Palace links Robredo to impeachment complaint

MANILA, Philippines – Stopping short of saying Vice President Leni Robredo is behind the impeachment complaint against President Rodrigo Duterte, the Palace said it's more than coincidence that her video message critical of the administration was released around the same time as the filing of the complaint.

"The release of her UN video message lambasting the administration's war on drugs before an international audience and the filing of an impeachment complaint at the House of Representatives which happened on the same day, seems too neat to be written off as mere coincidence," said Presidential Spokesman Ernesto Abella.

His message was sent to reporters on Friday, March 17. The day before, Magdalo Representative Gary Alejano filed the first impeachment complaint against Duterte.

March 16 was also the day Robredo's video message was aired during a United Nations meeting on extrajudicial killings held in Austria.

Abella acknowledged that Duterte himself "previously ruled out" Robredo's involvement in any destabilization plot.

But he said, if Robredo has no intentions of ousting Duterte, it's possible she is being used by others with such motives.

"If it is not her personal intent, she may have played into the hands of those who wish to use her as a political animal," said Abella.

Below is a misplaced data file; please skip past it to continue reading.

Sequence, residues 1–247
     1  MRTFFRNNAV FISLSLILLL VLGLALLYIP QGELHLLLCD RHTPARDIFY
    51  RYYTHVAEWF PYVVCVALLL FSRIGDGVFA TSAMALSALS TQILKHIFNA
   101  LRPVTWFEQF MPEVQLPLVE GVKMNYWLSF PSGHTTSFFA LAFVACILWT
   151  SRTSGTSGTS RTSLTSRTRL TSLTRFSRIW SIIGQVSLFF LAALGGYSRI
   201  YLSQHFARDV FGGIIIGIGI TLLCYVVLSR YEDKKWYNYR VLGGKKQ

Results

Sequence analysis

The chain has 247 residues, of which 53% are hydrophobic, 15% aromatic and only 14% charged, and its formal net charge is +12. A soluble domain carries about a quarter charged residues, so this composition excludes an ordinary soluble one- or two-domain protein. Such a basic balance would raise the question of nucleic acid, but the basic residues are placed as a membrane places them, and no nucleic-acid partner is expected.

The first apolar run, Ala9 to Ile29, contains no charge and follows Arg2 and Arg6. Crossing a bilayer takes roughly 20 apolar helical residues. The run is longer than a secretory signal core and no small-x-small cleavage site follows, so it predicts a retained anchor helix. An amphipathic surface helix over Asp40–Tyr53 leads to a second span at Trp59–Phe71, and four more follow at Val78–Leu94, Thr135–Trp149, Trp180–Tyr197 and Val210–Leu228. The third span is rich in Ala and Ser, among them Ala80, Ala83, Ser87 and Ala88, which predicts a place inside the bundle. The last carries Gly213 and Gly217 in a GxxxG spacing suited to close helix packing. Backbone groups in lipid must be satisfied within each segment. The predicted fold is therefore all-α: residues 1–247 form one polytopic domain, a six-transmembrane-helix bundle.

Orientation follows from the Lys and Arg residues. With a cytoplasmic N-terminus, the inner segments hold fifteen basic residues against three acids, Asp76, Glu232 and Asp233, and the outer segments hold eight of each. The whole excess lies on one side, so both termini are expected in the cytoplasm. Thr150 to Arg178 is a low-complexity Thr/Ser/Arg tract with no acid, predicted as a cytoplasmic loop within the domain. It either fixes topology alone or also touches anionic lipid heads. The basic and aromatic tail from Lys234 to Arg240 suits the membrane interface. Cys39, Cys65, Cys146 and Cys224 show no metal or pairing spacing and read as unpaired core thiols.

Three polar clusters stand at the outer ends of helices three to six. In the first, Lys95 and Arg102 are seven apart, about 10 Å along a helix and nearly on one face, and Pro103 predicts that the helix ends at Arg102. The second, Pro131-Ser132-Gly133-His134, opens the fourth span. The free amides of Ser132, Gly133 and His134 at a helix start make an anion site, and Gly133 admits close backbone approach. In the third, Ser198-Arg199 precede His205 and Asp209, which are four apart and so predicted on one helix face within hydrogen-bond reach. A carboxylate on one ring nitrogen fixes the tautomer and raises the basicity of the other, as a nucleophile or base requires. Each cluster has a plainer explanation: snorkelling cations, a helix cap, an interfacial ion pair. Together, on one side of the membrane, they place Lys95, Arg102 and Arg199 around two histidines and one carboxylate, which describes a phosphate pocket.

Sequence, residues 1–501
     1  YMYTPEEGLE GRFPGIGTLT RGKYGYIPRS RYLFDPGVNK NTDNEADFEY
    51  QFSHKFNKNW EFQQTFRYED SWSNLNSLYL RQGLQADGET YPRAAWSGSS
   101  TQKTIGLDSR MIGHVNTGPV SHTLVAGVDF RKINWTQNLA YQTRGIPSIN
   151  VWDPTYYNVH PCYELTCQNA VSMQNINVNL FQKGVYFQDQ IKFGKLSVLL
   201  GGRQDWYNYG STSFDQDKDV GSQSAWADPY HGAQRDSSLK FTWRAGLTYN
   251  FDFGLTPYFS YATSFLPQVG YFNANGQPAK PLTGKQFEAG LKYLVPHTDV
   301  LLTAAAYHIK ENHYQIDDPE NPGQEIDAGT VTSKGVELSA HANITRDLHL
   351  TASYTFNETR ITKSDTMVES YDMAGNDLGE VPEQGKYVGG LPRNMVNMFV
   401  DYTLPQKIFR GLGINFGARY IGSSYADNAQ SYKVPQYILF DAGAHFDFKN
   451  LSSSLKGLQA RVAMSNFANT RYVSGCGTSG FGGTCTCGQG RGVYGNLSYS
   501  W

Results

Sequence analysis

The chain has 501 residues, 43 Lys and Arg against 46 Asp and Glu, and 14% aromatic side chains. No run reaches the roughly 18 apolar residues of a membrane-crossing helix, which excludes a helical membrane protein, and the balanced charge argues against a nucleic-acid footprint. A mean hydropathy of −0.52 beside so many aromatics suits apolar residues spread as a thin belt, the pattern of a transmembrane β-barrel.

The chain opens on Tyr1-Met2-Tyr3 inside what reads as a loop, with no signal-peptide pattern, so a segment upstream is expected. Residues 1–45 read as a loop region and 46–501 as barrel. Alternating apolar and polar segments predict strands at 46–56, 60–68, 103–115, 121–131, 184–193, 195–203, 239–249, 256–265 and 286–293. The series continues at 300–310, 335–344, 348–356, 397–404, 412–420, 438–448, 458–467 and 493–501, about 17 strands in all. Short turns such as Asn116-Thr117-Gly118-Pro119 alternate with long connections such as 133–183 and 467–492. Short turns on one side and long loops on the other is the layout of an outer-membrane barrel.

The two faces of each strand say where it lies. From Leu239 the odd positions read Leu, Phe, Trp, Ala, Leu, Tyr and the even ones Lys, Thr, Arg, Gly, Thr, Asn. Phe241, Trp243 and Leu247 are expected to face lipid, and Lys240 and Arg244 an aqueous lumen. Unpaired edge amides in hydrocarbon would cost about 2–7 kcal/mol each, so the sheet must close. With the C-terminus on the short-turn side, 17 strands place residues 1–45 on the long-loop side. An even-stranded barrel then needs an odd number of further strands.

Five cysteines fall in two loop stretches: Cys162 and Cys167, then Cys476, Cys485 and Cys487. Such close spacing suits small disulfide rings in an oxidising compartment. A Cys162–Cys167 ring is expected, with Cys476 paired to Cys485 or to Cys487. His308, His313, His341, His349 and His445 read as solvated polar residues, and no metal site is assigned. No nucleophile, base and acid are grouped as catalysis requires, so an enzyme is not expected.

'Pathetic'

Whether Robredo is being used or not, Duterte's spokesman said the situation is a "pathetic state of affairs" for the Vice President.

Unlike the Palace, House Speaker Pantaleon Alvarez is already convinced Robredo is behind the impeachment complaint.

The Palace has insisted there is no basis to impeach Duterte as it denied he is guilty of culpably violating the Constituton, engaging in bribery, betraying public trust, committing graft and corruption and other high crimes.

On Friday, Abella called the filed impeachment complaint the latest move in an "orchestrated effort of a well-funded destabilization campaign."

He also claimed those behind the plot are "senators and higher officials" out to "protect their threatened vested interests." – Rappler.com

 

Pia Ranada

Pia Ranada covers the Office of the President and Bangsamoro regional issues for Rappler. While helping out with desk duties, she also watches the environment sector and the local government of Quezon City. For tips or story suggestions, you can reach her at pia.ranada@rappler.com.

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